Quality time

Managing ice time could be the difference between a win and a loss in the playoffs. Gerry Thomas/Getty Images

The following story appears in the May 4 issue of ESPN The Magazine.

In the NHL's looooong postseason, great coaches make every short second count. So we asked Cup-winning bench bosses Mike Babcock (Wings, 2008), Randy Carlyle (Ducks, 2007), Ken Hitchcock (Stars, 1999) and John Tortorella (Lightning, 2004) for the secrets to using every trick to their advantage.

00:40 — STOP AND GO

Detroit assistant coach Paul MacLean is never without his stopwatch, clicking it each time the Wings make a line change. "We use our own time," says Babcock, eschewing the arena stat sheet. For playoffs, he wants short shifts -- 40 seconds, tops -- making sure stars like LW Henrik Zetterberg stay fresh enough to sustain the tempo his two-way game demands. Quick, smart line changes are so crucial that the Wings devoted an entire practice to them during an unexpected layover in St. Louis last season. Bonus benefit: Quick changes prevent positioning breakdowns that result in odd-man rushes.


TV stoppages after the first six-, 10- and 14-minute marks in regulation can be a coach's best friend. The 90-second breaks let teams reestablish shift rotations to get big guns maximum ice time, one reason top players might add as many as five minutes per game in the playoffs. And what happens after play resumes is rarely a surprise now, thanks to video. "We study what opponents like to do off the breaks," Hitchcock says. That helps in developing a playoff game plan.


Teams get one 30-second timeout per game, but the best time to call it is hotly debated. Coaches used to save it for the end of the game, but that's changing. "I use it when I think I need to," says Babcock, who might do so after an ill-timed icing. Under post-lockout rules, a coach must wait until after the next faceoff to pull the skaters who iced the puck. If exhausted players are stuck in a bad matchup in a critical situation, Babcock will call for stoppage to give players a quick blow. He knows the team that scores first wins 69% of games, so he'll make the call at any point.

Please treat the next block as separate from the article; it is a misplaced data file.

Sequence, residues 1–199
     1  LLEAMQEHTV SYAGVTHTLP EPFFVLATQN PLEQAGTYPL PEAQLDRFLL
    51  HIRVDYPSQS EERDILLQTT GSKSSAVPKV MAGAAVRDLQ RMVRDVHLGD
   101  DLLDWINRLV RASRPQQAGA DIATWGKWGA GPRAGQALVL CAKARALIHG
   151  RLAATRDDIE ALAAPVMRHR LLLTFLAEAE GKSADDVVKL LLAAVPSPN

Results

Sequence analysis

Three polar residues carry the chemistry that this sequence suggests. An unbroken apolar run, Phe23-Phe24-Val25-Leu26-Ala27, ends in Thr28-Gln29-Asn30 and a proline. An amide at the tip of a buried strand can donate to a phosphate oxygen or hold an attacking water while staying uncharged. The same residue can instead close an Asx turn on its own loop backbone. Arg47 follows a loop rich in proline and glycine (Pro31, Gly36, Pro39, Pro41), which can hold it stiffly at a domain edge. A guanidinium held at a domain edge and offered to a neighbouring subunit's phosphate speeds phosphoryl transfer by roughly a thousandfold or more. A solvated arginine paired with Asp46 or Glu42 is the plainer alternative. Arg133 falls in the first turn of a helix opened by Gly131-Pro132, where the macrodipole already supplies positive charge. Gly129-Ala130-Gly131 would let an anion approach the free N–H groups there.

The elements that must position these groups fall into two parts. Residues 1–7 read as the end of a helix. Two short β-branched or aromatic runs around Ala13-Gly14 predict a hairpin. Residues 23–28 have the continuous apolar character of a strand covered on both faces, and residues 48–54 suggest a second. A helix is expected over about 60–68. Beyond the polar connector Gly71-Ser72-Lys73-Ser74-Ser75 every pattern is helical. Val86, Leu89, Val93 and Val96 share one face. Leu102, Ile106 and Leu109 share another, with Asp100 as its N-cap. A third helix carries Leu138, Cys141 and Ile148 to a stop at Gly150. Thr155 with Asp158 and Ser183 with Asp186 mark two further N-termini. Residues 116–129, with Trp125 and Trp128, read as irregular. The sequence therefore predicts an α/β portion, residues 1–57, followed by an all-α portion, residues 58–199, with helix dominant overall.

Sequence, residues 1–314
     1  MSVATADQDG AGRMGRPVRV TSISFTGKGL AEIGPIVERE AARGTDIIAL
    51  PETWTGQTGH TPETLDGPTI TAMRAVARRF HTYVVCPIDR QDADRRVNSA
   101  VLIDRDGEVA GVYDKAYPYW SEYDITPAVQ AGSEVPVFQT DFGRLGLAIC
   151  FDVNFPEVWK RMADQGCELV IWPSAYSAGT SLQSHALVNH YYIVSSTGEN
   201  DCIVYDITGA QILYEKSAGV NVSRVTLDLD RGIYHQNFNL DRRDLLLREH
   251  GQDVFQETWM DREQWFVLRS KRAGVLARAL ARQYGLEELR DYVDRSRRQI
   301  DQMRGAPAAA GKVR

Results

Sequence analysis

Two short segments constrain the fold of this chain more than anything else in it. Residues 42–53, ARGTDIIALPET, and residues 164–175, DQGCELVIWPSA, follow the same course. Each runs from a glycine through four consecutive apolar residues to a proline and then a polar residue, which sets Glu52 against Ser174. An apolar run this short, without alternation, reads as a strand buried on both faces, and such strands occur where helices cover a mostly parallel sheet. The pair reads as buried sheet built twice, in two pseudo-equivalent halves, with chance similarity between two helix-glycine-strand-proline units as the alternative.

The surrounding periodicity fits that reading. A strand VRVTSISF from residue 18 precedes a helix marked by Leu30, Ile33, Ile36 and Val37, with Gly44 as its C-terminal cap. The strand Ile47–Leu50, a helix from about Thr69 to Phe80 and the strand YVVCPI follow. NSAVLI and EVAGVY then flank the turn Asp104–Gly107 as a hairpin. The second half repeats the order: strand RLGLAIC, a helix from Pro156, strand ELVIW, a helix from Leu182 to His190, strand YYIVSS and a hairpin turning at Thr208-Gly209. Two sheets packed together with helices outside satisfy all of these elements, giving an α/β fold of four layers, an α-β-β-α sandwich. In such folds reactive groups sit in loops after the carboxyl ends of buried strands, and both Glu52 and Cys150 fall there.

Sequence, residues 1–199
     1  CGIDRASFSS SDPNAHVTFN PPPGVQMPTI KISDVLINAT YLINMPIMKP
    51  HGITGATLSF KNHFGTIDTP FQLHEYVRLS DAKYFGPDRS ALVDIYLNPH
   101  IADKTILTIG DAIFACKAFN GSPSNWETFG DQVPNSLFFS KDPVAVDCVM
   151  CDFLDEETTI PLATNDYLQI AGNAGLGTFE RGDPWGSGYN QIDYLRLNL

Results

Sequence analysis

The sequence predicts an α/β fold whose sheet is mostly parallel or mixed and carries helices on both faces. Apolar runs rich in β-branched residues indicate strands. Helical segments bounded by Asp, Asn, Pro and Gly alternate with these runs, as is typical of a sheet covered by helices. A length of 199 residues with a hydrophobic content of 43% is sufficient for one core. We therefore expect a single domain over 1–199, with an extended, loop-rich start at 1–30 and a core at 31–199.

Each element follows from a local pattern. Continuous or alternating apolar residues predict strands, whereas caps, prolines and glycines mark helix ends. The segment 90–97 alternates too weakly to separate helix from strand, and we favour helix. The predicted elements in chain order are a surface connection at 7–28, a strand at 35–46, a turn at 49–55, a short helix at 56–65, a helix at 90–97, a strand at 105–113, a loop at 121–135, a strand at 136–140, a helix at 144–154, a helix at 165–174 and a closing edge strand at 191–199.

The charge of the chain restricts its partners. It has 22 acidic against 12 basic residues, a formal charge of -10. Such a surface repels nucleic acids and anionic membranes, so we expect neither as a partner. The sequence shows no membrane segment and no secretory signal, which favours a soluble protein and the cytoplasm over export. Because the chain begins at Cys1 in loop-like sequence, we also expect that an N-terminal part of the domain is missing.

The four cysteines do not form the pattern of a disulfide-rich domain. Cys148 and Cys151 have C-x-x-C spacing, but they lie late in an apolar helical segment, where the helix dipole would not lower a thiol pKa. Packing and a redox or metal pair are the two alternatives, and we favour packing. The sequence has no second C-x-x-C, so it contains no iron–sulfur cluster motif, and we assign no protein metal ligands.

Riding the pine is no fun, and minutes for fourth-liners and third-unit defensemen are even harder to come by in the playoffs. To keep those guys ready for the six (or however many) minutes they're needed, coaches resort to tricks, such as allowing them to skate during TV timeouts -- rules permit five players to skate during TV breaks. "That's a chance to get them a quick stretch," says Carlyle. It's a small -- but critical -- line change that most fans never see.


An early goal can set a period's tempo, but a late one can seal a game's fate. By the playoffs, coaches have established their final-minute lineup of go-to guys. Carlyle has a unique advantage: He can abandon his usual blue-line rotation and pair future HOFers Scott Niedermayer and Chris Pronger to shut down opponents at the close of each period.

01:59 — QUICK EXIT

Pulling the goalie is common late-game strategy, but when's the best time to do it? "Anytime under two minutes left I'll try to get him out," says Carlyle. "I've been burned by waiting too long." In a situation where every second counts, a goalie with a quick first stride can be a big help. Hawks stopper Nikolai Khabibulin goes one better than quick feet. "He's good at reading the play and creeping up the ice as the team moves the puck out of its own end," says Tortorella, his former Tampa coach. "That gets him to the bench quicker." Does he have the same rapport with his Rangers stopper Henrik Lundqvist? Not yet. "It's more like a tug-of-war," Torts says.


In overtime, with no TV stoppages to lean on, coaches must know each player's recovery capabilities, the better to balance performance and fatigue. All fitness testing done in the preseason goes out the window, says Tortorella, adding, "It's still gut feel." Shifts rotate quickly. "The teams are trying to throw knockout punches," Hitchcock says. "After about 10 minutes, it settles into a more counterattacking game." If there's no score after 20 minutes, the cycle starts again. Coaches also must factor in late-spring weather. Translation: a conference final OT in toasty Anaheim is going to feature one short shift after another.